India’s government is close to finalising its National E-commerce Policy and could make an announcement in the coming weeks, according to local reports.
A number of key stakeholders met on Wednesday in what was reportedly the final consultation in a series of meetings that have happened since an initial draft of the E-commerce Policy was released in 2019.
The meeting was chaired by Commerce and Industry Minister Piyush Goyal and included representatives of the industry’s leading players Reliance Retail, Flipkart, Amazon and Tata Digital. Also present was the Confederation of All India Traders (CAIT), represented by its Secretary General, Praveen Khandelwal
He told reporters that the policy is likely to address traditional retail issues such as deep discounting, private labels, third-party involvement and predatory pricing by e-commerce companies. Another key focus of the policy will be consumer protection, particularly hidden charges and quality of service.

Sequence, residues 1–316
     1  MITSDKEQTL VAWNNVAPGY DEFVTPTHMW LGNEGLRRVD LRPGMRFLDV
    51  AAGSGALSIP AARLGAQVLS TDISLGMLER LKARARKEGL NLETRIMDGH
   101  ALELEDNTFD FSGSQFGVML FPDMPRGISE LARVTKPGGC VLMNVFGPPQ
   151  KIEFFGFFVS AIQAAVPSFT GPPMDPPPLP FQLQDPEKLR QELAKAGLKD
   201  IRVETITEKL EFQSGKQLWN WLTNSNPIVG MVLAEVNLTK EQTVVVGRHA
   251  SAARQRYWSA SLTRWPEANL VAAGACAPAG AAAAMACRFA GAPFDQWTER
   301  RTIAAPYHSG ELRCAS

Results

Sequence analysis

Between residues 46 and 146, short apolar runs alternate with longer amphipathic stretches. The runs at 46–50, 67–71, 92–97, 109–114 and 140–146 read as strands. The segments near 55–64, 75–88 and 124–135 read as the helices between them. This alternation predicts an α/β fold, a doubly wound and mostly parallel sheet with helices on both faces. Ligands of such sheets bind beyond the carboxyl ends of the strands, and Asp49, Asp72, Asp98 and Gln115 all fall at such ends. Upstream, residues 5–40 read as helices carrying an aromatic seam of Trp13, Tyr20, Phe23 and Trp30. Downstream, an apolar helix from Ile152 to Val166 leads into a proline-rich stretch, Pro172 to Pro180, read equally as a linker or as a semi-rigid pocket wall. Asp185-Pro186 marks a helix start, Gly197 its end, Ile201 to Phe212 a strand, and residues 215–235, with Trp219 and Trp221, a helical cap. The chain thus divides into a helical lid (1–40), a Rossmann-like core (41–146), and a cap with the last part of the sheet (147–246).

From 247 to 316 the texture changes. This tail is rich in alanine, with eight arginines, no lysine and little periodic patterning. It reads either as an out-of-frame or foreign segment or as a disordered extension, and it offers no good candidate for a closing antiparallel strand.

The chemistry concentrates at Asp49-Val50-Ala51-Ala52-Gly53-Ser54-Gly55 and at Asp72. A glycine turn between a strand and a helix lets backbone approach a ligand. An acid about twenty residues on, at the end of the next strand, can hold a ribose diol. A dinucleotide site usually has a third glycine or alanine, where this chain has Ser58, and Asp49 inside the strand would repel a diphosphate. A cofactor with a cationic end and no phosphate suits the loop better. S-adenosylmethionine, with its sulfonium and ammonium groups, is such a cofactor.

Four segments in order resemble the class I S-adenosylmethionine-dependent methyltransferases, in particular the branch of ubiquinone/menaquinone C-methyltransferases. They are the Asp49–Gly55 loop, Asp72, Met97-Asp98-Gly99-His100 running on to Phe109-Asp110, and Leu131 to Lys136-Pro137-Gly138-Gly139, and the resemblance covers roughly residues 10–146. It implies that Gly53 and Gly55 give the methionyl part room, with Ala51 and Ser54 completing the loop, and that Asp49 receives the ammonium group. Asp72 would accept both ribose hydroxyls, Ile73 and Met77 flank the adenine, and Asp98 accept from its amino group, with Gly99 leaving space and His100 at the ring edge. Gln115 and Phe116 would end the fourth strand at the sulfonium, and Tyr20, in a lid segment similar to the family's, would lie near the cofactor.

As digital commerce continues to evolve globally, online shopping in India is rapidly changing how consumers shop. Although only 6% of India’s $900bn retail market comes from e-commerce, it still represents one of the fastest growing markets in the world. In 2022, 200 million people in India bought something online. By 2027, the number of online shoppers is predicted to rise to 500 million in a market worth $170bn.
It is against this backdrop that the new rules on e-commerce will be introduced under the Consumer Protection Act, or CPA, 2019. These proposed rules will build on previous efforts to regulate the sector, such as the E-Commerce Rules 2020 and the 2021 draft amendments to the E-commerce Rules.